Sharing prosperity?


This report from UK think tank the IFS looks at options and issues for the UK Shared Prosperity Fund.

European Structural and Investment (ESI) funds help to pay for initiatives supporting business development, research and development, investment in digital and green infrastructure, as well skills and training interventions and support for job-seekers. But with the UK having formally departed the European Union, the country will stop receiving new ESI funding at the end of 2020. Thus, for 2021 and beyond, the UK government faces choices over what to replace ESI funding with. This is important as ESI funding forms a substantial component of spending on regional economic development in the UK, especially in the poorest regions. The government has announced the creation of the UK Shared Prosperity Fund (UKSPF) to this end, but has so far given few details around its scale, design and implementation.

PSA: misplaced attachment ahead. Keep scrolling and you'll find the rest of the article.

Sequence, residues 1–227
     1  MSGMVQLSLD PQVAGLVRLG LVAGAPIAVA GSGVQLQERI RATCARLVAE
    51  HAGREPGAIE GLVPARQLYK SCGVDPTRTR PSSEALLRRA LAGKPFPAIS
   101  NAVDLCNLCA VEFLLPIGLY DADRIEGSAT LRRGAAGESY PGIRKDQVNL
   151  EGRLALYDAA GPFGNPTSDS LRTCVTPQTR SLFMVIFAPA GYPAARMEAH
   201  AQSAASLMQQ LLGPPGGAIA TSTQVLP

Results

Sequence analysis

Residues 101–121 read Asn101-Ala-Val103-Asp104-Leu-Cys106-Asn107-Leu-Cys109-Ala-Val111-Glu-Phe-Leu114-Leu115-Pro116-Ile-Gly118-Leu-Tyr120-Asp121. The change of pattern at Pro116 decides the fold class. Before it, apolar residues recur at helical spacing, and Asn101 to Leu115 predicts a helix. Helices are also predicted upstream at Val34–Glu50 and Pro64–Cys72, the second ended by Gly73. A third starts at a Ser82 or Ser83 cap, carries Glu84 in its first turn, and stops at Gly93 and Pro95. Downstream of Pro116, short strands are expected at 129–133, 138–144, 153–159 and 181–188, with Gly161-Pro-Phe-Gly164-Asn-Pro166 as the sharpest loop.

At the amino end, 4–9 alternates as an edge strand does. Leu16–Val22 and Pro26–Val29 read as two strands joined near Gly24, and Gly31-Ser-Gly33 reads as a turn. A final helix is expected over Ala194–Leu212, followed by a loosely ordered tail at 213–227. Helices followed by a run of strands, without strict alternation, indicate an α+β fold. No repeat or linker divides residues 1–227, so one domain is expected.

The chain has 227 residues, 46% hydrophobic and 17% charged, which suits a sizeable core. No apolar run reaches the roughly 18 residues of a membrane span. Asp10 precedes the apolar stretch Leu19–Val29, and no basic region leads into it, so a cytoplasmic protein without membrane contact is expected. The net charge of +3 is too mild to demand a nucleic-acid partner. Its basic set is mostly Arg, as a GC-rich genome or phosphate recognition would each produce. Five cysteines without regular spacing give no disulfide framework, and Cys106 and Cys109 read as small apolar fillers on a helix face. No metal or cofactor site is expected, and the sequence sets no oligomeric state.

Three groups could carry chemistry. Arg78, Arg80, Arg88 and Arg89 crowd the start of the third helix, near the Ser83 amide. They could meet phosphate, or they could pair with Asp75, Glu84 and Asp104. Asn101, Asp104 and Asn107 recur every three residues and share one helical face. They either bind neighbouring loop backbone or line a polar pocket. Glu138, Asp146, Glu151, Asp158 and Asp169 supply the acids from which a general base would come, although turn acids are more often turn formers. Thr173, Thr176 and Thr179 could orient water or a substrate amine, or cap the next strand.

Drawing on a review of the current ESI schemes, this report explores some of the key issues that the government and stakeholders need to consider for the new system. It also looks at how the funding allocations for different parts of England will depend on the indicators of funding ‘need’ used to calculate UKSPF funding allocations. This shows that a focus on areas with low productivity would see several rural areas receive the highest levels of funding per person, while a focus on low education and employment, and especially high deprivation, would channel the most funding to more urban parts of the Midlands and the North. The report concludes with a brief discussion of the issues posed by the COVID-19 crisis for the design and implementation of the UKSPF.

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